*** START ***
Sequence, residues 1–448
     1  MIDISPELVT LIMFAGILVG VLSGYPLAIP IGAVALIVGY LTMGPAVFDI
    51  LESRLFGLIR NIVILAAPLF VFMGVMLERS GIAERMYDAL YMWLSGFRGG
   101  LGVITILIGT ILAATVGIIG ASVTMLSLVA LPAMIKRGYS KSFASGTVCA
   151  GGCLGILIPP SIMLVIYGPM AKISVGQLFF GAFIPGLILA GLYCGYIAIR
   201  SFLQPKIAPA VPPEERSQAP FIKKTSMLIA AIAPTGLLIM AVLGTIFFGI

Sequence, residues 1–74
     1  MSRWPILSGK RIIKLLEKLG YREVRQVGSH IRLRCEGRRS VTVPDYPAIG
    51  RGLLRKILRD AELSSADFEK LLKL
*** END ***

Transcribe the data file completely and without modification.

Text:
Sequence, residues 1–448
     1  MIDISPELVT LIMFAGILVG VLSGYPLAIP IGAVALIVGY LTMGPAVFDI
    51  LESRLFGLIR NIVILAAPLF VFMGVMLERS GIAERMYDAL YMWLSGFRGG
   101  LGVITILIGT ILAATVGIIG ASVTMLSLVA LPAMIKRGYS KSFASGTVCA
   151  GGCLGILIPP SIMLVIYGPM AKISVGQLFF GAFIPGLILA GLYCGYIAIR
   201  SFLQPKIAPA VPPEERSQAP FIKKTSMLIA AIAPTGLLIM AVLGTIFFGI

Sequence, residues 1–74
     1  MSRWPILSGK RIIKLLEKLG YREVRQVGSH IRLRCEGRRS VTVPDYPAIG
    51  RGLLRKILRD AELSSADFEK LLKL